In terms of a specific example, many biologically relevant solutions, such as in mammalian or bacterial cells, are dense mixtures of various ions, co-solute and co-solvent species including a non-negligible concentration of solute components (Zhou et al., 2008). Among other effects, the individual components of the solution and their thermodynamic properties exert a tremendous influence on the structural stability of the dissolved biological species (Canchi and Garćıa, 2013; Smiatek, 2017; Oprzeska-Zingrebe and Smiatek, 2018a). For instance, it was shown (Zhang and Cremer, 2010; Canchi and Garćıa, 2013; Sukenik et al., 2013; Oprzeska-Zingrebe et al., 2018) that ions like SCN− or molecules like urea destabilize DNA or protein structures, whereas the presence of , trimethylamine-N-oxide (TMAO), or ectoine enhances the stability of native macromolecular states. Additionally, many molecular mechanisms are also dominated by intra- and intermolecular hydrogen bonds, polarization mechanisms as well as electrostatic and dispersion interactions. The presence of these mainly short-ranged interactions influences the radial distribution functions, potentials of mean force or the corresponding chemical potentials of the species, so that in the end, for non-negligible concentrations, there are more or less pronounced deviations from ideal solutions (Chandler, 1987; Smiatek, 2014, 2017; Dunn and Noid, 2015; Guenza et al., 2018; Oprzeska-Zingrebe and Smiatek, 2018a). The question now is whether coarse-grained models can reproduce these findings? Of course, one may wonder if the aforementioned properties need to be exactly reproduced, but we will illustrate by means of the following arguments that even slight deviations may have a decisive influence on the thermodynamic properties of the solution.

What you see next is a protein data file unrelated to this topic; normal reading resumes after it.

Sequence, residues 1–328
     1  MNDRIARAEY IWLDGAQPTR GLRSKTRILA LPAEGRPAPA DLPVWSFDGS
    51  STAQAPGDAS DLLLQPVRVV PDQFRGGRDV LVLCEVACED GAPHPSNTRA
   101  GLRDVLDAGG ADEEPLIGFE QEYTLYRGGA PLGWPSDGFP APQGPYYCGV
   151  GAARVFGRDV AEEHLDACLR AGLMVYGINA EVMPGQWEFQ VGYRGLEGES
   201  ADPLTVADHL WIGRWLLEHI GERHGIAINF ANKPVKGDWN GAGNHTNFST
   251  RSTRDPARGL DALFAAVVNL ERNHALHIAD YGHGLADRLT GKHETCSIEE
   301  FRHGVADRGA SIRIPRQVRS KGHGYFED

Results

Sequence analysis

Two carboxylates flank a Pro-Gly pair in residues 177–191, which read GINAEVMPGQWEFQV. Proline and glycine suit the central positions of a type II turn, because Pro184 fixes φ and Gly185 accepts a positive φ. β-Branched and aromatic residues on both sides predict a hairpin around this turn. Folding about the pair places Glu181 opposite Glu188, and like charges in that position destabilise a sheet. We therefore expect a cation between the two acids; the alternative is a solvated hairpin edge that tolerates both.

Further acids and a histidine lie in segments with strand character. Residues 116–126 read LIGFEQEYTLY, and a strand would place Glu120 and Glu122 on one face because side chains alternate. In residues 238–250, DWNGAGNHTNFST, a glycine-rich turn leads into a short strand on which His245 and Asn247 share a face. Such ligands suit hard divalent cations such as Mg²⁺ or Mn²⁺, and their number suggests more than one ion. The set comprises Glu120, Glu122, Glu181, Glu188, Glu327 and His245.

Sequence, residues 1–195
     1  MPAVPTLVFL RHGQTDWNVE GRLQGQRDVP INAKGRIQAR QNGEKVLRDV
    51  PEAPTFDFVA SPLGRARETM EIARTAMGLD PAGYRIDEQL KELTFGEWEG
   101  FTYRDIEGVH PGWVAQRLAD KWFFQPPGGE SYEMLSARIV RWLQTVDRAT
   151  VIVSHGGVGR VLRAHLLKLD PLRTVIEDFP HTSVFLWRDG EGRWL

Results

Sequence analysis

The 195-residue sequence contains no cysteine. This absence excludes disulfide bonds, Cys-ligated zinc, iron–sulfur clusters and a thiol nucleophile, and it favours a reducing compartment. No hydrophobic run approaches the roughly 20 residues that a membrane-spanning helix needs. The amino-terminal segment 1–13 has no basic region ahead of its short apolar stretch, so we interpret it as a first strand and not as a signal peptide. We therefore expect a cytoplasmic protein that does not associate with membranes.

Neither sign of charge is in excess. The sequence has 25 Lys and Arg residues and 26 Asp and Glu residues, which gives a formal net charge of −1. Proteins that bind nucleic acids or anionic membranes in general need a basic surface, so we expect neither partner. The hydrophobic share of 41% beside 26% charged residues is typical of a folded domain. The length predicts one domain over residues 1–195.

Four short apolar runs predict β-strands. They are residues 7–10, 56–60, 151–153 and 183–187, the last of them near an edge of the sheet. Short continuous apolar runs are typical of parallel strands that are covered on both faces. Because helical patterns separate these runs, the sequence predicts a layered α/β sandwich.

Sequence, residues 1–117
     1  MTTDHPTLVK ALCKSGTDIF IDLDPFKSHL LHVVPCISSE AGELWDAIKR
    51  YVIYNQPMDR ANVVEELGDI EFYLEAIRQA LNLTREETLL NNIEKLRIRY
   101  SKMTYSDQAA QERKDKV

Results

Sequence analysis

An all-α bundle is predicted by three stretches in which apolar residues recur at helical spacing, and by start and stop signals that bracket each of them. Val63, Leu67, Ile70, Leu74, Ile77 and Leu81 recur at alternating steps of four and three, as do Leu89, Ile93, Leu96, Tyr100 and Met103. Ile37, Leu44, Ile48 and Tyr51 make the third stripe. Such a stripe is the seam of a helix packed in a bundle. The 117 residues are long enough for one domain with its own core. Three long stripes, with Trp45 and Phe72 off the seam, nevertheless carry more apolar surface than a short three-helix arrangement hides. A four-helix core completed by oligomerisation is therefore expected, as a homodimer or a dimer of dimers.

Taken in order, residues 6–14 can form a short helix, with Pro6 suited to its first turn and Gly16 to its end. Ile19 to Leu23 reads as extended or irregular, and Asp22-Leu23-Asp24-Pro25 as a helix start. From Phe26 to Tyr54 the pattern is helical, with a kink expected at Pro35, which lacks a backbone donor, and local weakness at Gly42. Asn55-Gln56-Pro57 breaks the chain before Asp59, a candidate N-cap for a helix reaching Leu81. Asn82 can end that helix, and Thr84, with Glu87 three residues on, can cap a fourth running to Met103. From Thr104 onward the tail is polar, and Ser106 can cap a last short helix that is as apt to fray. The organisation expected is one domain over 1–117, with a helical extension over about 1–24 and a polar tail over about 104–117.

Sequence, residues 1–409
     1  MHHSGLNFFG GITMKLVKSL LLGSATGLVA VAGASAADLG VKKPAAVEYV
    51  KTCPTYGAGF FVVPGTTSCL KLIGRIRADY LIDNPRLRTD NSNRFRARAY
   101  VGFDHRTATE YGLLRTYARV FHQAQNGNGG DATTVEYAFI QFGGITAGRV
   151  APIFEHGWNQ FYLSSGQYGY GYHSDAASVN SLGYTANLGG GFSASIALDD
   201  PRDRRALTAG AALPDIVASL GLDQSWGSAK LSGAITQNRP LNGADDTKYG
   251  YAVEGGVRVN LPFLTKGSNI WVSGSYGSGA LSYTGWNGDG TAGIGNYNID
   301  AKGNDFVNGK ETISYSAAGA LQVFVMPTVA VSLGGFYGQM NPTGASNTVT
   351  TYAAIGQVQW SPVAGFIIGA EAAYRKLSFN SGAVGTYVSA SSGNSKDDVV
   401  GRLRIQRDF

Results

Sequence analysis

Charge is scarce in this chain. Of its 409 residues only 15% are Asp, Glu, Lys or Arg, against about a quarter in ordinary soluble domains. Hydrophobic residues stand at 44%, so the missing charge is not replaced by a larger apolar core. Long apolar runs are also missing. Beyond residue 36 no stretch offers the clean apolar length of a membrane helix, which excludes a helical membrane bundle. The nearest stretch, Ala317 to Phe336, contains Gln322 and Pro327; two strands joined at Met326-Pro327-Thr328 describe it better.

In more detail, modified interactions like in coarse-grained models under constant pressure p and temperature T result in variations of free energies, as defined by G = H − TS with the enthalpy H and the entropy S, and changes in the chemical potential via μα = (∂G/∂Nα)p, T where Nα denotes the number of molecules of species α. Due to changes in the enthalpy, also the corresponding molecular arrangements are affected, which often induces entropic variations as a second-order effect. Furthermore, changes of chemical potentials from reference chemical potential with the universal gas constant R are directly related to changes in thermodynamic activities , vapor pressures, solubilities or chemical reaction equilibria, as can be shown by relations from equilibrium thermodynamics and Kirkwood-Buff (KB) theory (Kirkwood and Buff, 1951; Ben-Naim, 2013) . In consequence, it becomes obvious that even slight modifications of molecular interactions may establish a non-negligible variation of relevant thermodynamic properties as it will be discussed in more detail in the following.
For illustrative purposes, we develop our arguments for a binary solution under isobaric-isothermal conditions with two components, including only solvent (index 1) and co-solvent (index 3) species. It has to be noted that the corresponding expressions change for different ensembles and higher-component mixtures, such that we here focus on one of the simplest examples (Smith, 2006). In KB theory, the derivative of the chemical potential of the co-solvent μ3 is defined as
where ρ3 denotes the number density of co-solvent species and G33 and G31 the corresponding KB integrals. A detailed explanation of KB integrals, their relation to radial distribution functions and their central meaning in KB theory can be found in the literature (Kirkwood and Buff, 1951; Ben-Naim, 2013; Smiatek, 2017; Oprzeska-Zingrebe and Smiatek, 2018a). For our considerations, it is sufficient to know that the KB integrals rely on radial distribution functions and represent excess volumes, which can be transformed into excess particle numbers for arbitrarily chosen components β around species α. With regard to this definition, Equation (1) can also be written as